We are in the muck of a recession. Business is slow. The stock
market keeps draining away billions in wealth. Companies are acting
from fear. Advisers suggest they increase their marketing, to
build share and exploit opportunities in the vacuum created by
their competitors' inaction, but they look at you as if you just
landed from Pluto. Why? Because they don't really place much value
in marketing. Why? Because most of the marketing they have done
in the past has failed to meet the acid test˘the only test that
counts—to generate more profits than it costs. ROI!ROI!ROI!
Which begs the question: why does most marketing suck? No cold
fusion here. Because it falls victim to a series of myths:
Doing any marketing at all, is better
than doing nothing
That's crazy. Marketing costs money. Unless the marketing
is smart, on point and creates a substantial ROI, marketing
is just a way to camouflage the act of throwing thousand
dollar bills out the window.
Advertising and marketing are the same.
To hell, they are. Advertising means buying space or time
to relay a message. It can be important to marketing or
irrelevant, depending on the company and its goals. We told
one of our retail clients to stop advertising and sales
went up (that's unlikely to happen very often, sales rising
when you stop advertising, but point made˘sales didn't decline.)
Instead of throwing $250,000 out the window, the owner put
the money in his pocket.
The best marketing presents a company
and/or its products as beautiful or creative or sexy.
Who says? I'll tell you: the ego driven creators of beautiful/creative/sexy
marketing. What they won't tell you is that they don't care
a whit about ROI. They just want to be told what creative
geniuses they are. Some of the best marketing uses (as one
aspect of an integrated approach), infomercials with fat,
ugly people telling you how they lost 850 pounds taking
placebo pills filled with polyester packing material. Art?
No. ROI.Yes. Yeah!
Great marketing is dreamed up by highly
paid executives who make ads and brochures and websites
and then let them loose in the marketplace.
Crazy. That's the way it is often done and that's another
reason most marketing sucks. To achieve effective marketing,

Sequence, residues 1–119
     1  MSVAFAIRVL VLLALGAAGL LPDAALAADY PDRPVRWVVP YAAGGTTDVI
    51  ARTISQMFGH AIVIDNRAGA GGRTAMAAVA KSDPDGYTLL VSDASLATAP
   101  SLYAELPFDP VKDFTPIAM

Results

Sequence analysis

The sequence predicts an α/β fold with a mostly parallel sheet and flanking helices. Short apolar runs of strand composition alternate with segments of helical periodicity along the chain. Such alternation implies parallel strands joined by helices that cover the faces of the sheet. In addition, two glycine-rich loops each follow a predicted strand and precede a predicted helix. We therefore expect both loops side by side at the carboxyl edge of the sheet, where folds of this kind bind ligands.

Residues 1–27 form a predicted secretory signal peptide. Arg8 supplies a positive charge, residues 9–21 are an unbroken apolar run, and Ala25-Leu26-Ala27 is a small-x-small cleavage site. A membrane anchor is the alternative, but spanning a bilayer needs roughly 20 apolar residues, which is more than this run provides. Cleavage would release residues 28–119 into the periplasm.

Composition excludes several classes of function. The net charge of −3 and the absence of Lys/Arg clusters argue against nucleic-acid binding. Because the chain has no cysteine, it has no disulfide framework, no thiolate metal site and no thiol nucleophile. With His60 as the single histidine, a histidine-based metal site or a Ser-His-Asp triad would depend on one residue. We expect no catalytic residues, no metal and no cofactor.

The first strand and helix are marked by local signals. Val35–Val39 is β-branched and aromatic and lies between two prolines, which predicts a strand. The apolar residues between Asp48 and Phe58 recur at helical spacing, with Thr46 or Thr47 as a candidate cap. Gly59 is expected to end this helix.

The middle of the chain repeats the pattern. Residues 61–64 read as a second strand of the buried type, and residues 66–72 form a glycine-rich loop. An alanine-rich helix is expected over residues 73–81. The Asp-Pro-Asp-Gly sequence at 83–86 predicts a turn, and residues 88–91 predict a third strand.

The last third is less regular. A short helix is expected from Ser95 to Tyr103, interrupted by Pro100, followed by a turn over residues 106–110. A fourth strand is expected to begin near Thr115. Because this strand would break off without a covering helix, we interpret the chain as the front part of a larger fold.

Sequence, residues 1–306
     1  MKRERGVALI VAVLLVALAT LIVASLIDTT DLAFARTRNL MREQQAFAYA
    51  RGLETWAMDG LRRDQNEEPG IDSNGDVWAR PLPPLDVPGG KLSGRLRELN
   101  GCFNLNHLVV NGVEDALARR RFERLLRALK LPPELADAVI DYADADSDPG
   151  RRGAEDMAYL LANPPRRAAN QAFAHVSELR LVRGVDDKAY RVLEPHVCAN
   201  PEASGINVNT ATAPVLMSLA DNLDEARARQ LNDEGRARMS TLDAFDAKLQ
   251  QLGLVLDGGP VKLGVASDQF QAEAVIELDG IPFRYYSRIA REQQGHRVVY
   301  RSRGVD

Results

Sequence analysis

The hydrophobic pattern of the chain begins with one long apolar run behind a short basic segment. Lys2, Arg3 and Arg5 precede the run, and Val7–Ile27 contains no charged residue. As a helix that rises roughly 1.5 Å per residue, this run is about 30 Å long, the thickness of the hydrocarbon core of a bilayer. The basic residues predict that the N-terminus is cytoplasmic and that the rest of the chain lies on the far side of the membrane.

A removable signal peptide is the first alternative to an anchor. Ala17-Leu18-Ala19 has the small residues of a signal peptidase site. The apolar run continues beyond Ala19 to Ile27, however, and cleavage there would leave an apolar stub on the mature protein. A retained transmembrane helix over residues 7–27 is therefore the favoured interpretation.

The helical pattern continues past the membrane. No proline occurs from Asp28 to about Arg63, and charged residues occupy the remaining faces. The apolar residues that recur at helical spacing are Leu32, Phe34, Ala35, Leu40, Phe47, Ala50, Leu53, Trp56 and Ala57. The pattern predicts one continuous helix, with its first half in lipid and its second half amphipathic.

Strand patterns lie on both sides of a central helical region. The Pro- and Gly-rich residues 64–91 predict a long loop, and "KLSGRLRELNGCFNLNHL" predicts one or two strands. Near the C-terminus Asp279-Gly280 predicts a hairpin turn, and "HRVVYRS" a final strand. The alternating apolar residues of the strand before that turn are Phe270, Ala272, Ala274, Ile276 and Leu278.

you must reverse engineer the process so that decisions
about what the company needs to market successfully and
how it should be created, are made at the point of sale
and then traced back to the "geniuses" at HQ.
Only a sales person can really tell you what he/she needs
to make a sale. Start there!
aren't really part of the marketing process.
Nonsense. They are the centerpieces—the big enchiladas.
Yes, there is a difference between selling and marketing,
but if the marketing process leads to a sales team empowered
to close, and the salespeople are schmoozers not closers,
sales will be few and far between. Thousand dollar bills
out the window! Thousand dollar bills out the window!
With the right training, you can turn
non-closers into closers.
Forgetaboutit! You can't train non-salespeople to sell and
you can't stop salespeople from selling. Find the latter
and pay them well.
Great marketing agencies are the ones
who win lots of awards. So choose them.
Okay, if you want to borrow awards to place on your mantel.
But if you want sales to grow, go for the award-less agencies
that live by the credo: the best marketing is the product
of the least expense that results in the highest ROI. (My
marketing firm, MSCO (www.msco.com),
has won a few awards, I am embarrassed to say. The only
one I am proud of, we received from Forbes for creating
an ad that motivated more readers to act than any other
ad. (Now we don't enter any award contests.)
Good marketing is based on rules.
You should spend x percent of your revenues on marketing.
Great direct mail generates an x percent response rate.
Hogwash to it all. Every company, every time in history,
every product/service/every goal is different: so how can
there be universal rules. And if you are told that the best
return you can get on direct mail is 1 percent, don't use
direct mail. Or seek to generate 10 percent! Rules are for
schools. Results are for businesspeople! Great marketing,
inspired marketing, can be the most powerful force in growing
companies large and small. The great marketers - Bill Gates,
Mary Kaye, Tom Watson, Ray Krock, Sam Walton - avoided the
myths, avoided marketing that sucks and drove their companies
to the mount. You can do the same.